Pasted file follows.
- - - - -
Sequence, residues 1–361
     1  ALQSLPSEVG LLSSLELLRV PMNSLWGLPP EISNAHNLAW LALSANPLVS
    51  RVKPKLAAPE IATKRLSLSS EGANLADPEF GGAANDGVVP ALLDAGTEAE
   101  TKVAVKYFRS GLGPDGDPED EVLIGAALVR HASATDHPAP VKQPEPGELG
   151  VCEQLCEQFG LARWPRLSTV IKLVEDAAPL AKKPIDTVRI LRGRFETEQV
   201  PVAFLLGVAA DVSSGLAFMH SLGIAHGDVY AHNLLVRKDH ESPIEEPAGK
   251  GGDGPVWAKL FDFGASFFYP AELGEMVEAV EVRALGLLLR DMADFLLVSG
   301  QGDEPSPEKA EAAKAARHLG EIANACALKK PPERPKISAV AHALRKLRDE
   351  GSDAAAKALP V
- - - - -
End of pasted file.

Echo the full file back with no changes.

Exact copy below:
Sequence, residues 1–361
     1  ALQSLPSEVG LLSSLELLRV PMNSLWGLPP EISNAHNLAW LALSANPLVS
    51  RVKPKLAAPE IATKRLSLSS EGANLADPEF GGAANDGVVP ALLDAGTEAE
   101  TKVAVKYFRS GLGPDGDPED EVLIGAALVR HASATDHPAP VKQPEPGELG
   151  VCEQLCEQFG LARWPRLSTV IKLVEDAAPL AKKPIDTVRI LRGRFETEQV
   201  PVAFLLGVAA DVSSGLAFMH SLGIAHGDVY AHNLLVRKDH ESPIEEPAGK
   251  GGDGPVWAKL FDFGASFFYP AELGEMVEAV EVRALGLLLR DMADFLLVSG
   301  QGDEPSPEKA EAAKAARHLG EIANACALKK PPERPKISAV AHALRKLRDE
   351  GSDAAAKALP V